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Islamic Relief’s UK Director sees misery of Syrian camps and condemns ‘woefully inadequate’ international response

Islamic Relief’s UK Director sees misery of Syrian camps and condemns ‘woefully inadequate’ international response

“Around 6,000 refugees are streaming out of Syria every day,” says Jehangir Malik. “They are fleeing not only from the horrors of war but also from the misery of displaced people’s camps where there is not enough food and water to sustain them in the 40-degree heat.

“The UN has described this as the worst humanitarian crisis since the Rwandan genocide, but as with Rwanda there is no UN presence where it is needed most and the international community seems powerless to bring an end to the suffering. I wish the G8 leaders had been in Syria with me to witness the anguish and despair etched on people’s faces, a terrible indictment of the woefully inadequate international response to this conflict. Fresh diplomatic impetus is urgently needed to  create ‘humanitarian corridors’ for delivering more and better coordinated aid, to strengthen the international presence inside Syria and to bring about peace talks.”

Jehangir Malik travelled into Syria from Turkey, where the base for Islamic Relief’s extensive relief operations inside Syria is located. He passed hundreds of exhausted Syrians trekking towards the border before visiting a new displaced camp and a makeshift hospital operating in what used to be a restaurant.

“The camp I visited was only set up ten days ago and it is already home to over a thousand people, including 600 children,” says Jehangir. “Camps like this are appearing everywhere like pop-up settlements, and food and water are severely rationed. People were so grateful for the Ramadan food packs we distributed, but you can’t fail to notice how little traffic is carrying aid in, compared to the human tide heading in the opposite direction.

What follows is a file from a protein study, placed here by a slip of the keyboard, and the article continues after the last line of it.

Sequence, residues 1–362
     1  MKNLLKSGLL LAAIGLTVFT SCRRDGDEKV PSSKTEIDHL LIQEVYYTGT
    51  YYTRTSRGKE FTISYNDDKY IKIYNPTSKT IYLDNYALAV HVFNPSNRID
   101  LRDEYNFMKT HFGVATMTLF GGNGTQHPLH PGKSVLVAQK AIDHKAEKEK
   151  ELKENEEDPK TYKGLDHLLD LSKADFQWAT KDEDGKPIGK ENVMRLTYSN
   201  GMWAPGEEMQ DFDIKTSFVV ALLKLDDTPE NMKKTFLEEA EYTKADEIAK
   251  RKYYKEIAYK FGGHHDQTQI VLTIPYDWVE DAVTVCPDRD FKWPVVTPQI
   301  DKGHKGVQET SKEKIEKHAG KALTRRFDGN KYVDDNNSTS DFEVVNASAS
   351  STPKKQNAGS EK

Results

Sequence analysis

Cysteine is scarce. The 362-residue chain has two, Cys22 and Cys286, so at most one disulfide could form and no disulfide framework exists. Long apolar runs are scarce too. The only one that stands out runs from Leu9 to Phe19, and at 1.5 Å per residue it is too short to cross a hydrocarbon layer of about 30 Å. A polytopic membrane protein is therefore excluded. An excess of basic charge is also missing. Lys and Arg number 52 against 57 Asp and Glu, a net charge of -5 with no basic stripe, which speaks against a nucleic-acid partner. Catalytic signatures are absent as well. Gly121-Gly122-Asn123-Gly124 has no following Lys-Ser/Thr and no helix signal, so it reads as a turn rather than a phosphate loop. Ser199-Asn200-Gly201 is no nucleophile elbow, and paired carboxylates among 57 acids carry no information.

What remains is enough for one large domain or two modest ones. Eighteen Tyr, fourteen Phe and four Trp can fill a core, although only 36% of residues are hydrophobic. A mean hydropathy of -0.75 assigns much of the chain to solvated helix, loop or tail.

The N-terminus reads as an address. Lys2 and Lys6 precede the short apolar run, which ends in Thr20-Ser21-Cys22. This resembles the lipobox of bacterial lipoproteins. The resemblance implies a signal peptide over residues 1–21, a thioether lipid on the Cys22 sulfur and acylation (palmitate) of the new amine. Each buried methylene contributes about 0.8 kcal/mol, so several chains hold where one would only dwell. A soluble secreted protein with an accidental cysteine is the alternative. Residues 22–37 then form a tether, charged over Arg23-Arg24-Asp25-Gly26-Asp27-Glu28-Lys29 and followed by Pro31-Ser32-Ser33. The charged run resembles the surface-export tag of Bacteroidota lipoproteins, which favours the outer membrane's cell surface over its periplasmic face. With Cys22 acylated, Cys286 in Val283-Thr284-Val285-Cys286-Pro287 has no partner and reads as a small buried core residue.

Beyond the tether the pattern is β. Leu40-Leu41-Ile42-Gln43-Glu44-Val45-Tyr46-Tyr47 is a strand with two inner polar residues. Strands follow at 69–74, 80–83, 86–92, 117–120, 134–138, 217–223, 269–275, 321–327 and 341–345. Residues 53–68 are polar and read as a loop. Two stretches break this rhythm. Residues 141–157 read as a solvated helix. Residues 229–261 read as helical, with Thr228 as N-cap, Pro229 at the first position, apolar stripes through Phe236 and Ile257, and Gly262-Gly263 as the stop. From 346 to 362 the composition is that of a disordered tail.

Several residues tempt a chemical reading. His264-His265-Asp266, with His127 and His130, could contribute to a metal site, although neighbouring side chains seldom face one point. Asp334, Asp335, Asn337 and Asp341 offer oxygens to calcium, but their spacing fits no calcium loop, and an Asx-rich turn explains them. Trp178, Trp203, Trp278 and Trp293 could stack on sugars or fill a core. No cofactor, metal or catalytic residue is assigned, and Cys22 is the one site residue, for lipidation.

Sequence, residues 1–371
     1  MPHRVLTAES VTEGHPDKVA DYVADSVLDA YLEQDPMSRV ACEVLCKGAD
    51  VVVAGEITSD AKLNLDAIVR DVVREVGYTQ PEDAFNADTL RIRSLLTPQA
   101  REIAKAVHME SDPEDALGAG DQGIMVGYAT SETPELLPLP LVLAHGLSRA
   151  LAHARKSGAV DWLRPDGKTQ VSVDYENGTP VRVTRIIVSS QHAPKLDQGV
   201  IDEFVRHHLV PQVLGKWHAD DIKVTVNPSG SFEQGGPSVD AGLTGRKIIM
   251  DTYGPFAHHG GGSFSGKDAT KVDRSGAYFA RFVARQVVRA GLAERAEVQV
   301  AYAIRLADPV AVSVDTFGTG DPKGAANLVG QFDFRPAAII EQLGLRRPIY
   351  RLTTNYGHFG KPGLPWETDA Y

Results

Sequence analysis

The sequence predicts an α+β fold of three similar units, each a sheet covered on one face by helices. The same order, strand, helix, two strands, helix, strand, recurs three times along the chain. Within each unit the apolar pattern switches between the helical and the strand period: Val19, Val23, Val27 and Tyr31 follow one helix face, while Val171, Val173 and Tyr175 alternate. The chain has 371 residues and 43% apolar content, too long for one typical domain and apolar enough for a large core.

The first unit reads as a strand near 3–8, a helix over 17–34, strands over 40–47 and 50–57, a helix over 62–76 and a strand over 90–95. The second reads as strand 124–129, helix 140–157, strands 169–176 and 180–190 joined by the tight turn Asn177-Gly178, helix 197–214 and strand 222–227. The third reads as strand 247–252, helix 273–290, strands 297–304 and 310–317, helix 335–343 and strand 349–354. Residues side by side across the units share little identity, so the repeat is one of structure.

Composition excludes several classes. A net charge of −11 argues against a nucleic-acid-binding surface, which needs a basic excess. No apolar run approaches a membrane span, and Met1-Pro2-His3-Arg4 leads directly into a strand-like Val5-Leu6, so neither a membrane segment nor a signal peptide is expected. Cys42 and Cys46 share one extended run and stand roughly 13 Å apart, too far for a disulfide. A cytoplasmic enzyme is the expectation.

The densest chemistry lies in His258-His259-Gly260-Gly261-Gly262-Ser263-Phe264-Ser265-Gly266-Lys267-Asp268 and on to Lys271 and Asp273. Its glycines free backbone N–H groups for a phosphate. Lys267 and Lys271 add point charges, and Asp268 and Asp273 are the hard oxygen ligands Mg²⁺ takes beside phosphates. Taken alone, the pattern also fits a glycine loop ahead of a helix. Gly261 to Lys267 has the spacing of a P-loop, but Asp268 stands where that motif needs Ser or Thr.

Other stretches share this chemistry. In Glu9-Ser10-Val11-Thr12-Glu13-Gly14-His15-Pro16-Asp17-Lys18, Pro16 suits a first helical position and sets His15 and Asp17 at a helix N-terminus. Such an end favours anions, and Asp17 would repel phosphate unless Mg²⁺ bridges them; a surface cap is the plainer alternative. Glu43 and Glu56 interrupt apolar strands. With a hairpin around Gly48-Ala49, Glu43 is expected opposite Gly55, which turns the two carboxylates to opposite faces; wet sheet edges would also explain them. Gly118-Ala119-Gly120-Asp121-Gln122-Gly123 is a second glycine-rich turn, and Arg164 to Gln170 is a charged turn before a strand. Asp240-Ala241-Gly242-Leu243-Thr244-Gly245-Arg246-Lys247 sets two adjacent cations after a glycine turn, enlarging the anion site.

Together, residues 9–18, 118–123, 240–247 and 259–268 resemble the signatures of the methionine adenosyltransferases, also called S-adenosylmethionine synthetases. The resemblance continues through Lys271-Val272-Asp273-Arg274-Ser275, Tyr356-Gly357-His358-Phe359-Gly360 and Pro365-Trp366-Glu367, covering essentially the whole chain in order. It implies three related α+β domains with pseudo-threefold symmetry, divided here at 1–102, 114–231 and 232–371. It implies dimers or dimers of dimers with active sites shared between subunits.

“In happier times the Bab al Hawa hospital was a restaurant, but now it is full to overflowing with casualties of the conflict and has treated 10,000 people in just six months. On ward after ward I saw people with sickening wounds and missing limbs, some screaming in pain and all being treated in very basic conditions. The medical supplies Islamic Relief has provided here have saved many lives, but the situation is bleak.

“I was speechless for much of the time – what words of comfort can you offer to a weeping man whose son was dead on arrival at the hospital with a bullet in his head, or a 15-year-old boy wracked with pain by his shattered leg after his house was shelled, or an elderly man who has lost three generations of his family?”


For more information, to arrange an interview with Jehangir Malik or to obtain footage or photographs from his visit, contact Martin Cottingham ([email protected] / 07702-940982).


  • In 2012 Islamic Relief assisted 1.1 million Syrians with food, shelter, medical care and sanitation: 800,000 of them inside Syria and the rest in Jordan, Lebanon and Iraq. In the first five months of 2013 we assisted a further 600,000 Syrians, stepping up our operations in response to the deepening crisis.
  • Islamic Relief has provided food and other supplies to the new camp that Jehangir Malik visited. It has also provided a steady stream of medicines, surgical supplies, x-ray machines and other equipment to the Bab Al Hawa hospital – one of 30 field hospitals and 60 clinics we are supporting across the country.
  • During Ramadan Islamic Relief is running a War on Hunger appeal in the UK, highlighting the humanitarian needs of the poor and vulnerable in countries ravaged by conflict. A video featuring stories of refugees and the assistance Islamic Relief is providing has been shown at a series of fundraising dinners across the country, raising over £500,000 for Syria so far.

Following Jehangir Malik’s visit, Islamic Relief is joining a coalition of aid agencies that are collecting signatures to petition Presidents Obama and Putin to step up their efforts to bring about peace talks in the Syrian conflict: see

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